Hypnosis Research: It’s Real, and it Works

You’d be surprised how much scientific research has been focused on hypnosis. According to this article in Penn State News, there have been more than 12,000 scientific articles on the subject! Technology is giving researchers more and more toys to use in their studies, including brain imaging techniques that let them see how brain activity changes under hypnosis. It changes a lot!

People in a hypnotic trance tend to be very relaxed, that kind of delicious relaxation where you’d prefer to enjoy it and not talk or move much. This lethargy is misleading, because it conceals a heightened level of mental activity. With this heightened level of mental ability, more than ever, it’s easy to think, imagine, remember, face previously troublesome issues serenely, connect with all your mental, physical, and emotional resources, make decisions that are right for you, and change.

Some of the researchers even admit that their results are gloomier than they should be. Why? For one thing, research often uses whichever student volunteers can be rounded up at the moment, rather than people who are truly motivated to change. Also, for consistency, researchers often use specific, standardized techniques for a fixed number of sessions, rather than tailoring the approach to the individual and continuing until the job is done. And finally, sometimes researchers without much experience or passion for hypnotherapy will do the hypnosis, simply because they’re available.

And even with these disadvantages, the results are generally positive!

Even authors who seem a bit reluctant to admit that hypnosis works find themselves compelled to do so, such as this Medscape article on therapeutic hypnosis. The article points out that hypnosis has been demonstrated to be effective for (among other things) phobias, weight loss, irritable bowel syndrome, and control of chronic pain. The article reports:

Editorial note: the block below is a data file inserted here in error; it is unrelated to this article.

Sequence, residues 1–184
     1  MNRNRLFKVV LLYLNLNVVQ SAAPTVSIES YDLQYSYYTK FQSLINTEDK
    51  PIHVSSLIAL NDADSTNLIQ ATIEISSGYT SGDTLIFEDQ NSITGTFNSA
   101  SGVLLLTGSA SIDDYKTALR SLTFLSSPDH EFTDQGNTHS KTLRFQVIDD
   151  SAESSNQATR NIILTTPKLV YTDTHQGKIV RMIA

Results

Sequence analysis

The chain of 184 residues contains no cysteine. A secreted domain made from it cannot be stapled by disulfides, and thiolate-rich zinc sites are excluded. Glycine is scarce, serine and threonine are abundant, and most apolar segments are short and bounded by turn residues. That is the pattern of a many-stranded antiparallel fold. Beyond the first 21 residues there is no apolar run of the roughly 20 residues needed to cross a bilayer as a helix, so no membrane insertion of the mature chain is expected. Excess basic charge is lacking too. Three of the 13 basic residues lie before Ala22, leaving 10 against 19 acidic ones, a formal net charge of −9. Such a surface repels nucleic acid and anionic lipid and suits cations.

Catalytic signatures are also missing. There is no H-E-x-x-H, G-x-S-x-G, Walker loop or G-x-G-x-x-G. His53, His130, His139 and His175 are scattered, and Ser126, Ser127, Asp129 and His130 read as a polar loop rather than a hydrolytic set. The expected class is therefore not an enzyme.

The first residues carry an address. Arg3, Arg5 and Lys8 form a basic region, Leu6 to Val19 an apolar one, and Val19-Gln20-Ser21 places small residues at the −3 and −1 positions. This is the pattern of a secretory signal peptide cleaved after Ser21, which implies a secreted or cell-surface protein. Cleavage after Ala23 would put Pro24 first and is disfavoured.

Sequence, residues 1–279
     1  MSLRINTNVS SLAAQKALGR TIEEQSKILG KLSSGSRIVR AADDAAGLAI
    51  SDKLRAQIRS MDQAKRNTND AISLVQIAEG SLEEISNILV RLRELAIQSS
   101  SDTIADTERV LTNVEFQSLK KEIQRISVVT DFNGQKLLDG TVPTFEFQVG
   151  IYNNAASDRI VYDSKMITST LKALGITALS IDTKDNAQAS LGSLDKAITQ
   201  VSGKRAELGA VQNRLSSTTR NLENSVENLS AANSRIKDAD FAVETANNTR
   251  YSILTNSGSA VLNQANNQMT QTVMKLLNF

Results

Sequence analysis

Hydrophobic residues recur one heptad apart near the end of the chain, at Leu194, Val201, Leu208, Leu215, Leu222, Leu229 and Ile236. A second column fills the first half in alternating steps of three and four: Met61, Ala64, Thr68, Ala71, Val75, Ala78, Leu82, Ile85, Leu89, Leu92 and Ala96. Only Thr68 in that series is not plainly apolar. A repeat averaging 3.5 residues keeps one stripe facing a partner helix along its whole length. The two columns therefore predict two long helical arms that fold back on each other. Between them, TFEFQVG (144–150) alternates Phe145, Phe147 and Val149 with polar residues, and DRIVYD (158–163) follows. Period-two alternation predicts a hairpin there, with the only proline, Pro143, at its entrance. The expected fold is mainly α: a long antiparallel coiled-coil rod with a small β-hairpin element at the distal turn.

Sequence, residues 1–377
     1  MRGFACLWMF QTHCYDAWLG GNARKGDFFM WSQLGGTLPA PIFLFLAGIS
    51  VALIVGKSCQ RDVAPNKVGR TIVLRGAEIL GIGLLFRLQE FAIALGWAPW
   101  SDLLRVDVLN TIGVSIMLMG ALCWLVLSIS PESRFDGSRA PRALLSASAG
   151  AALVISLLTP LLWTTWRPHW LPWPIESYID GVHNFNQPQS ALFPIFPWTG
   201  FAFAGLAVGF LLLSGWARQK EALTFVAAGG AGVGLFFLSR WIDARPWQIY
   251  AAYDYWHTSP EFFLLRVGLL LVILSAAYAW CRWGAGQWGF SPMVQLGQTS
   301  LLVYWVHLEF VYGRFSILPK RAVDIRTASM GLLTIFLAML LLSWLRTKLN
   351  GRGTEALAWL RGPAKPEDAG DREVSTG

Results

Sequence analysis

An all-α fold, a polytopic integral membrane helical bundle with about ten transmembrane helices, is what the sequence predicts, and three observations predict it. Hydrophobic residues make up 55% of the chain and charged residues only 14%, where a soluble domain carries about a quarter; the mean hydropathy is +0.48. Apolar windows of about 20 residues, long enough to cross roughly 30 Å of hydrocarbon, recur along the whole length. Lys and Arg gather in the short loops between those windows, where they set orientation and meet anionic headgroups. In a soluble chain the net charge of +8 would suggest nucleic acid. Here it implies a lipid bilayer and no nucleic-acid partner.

The pain relief from hypnosis often matched or even exceeded the relief given by morphine.

And, unlike a Schedule II narcotic like morphine, hypnosis has been demonstrated over and over again to be safe — safer than just about any of the alternatives. And more comfortable. How comfortable? People work on some pretty intense issues in my office, but one box of Kleenex lasts me a whole year.

And hypnosis is quick. Hardly anyone does a study on the effect of more than ten sessions. Some approaches take years, but not hypnosis. Think in terms of a month or two.

And if you come in with a long to-do list, you’ll find that you get better with practice, so you’ll cross items off the list faster and faster.

How well will it work for you? You never know until you try. And the sooner you start, the sooner you can start enjoying the results. Why not now?

Robert Plamondon on EmailRobert Plamondon on FacebookRobert Plamondon on GoogleRobert Plamondon on PinterestRobert Plamondon on StumbleuponRobert Plamondon on TwitterRobert Plamondon on Youtube
Robert Plamondon
Robert Plamondon has written three books, received over 30 U.S. patents, founded several businesses, and is an expert on free-range chickens. Robert's publishing company, Norton Creek Press, is a treasure trove of reprinted classics, including Hypnotherapy of War Neuroses, which covers treating PTSD in veterans. Robert and his wife Karen sell free-range chicken and eggs at the Corvallis farmers' markets. Robert's hypnotherapy office is in downtown Corvallis.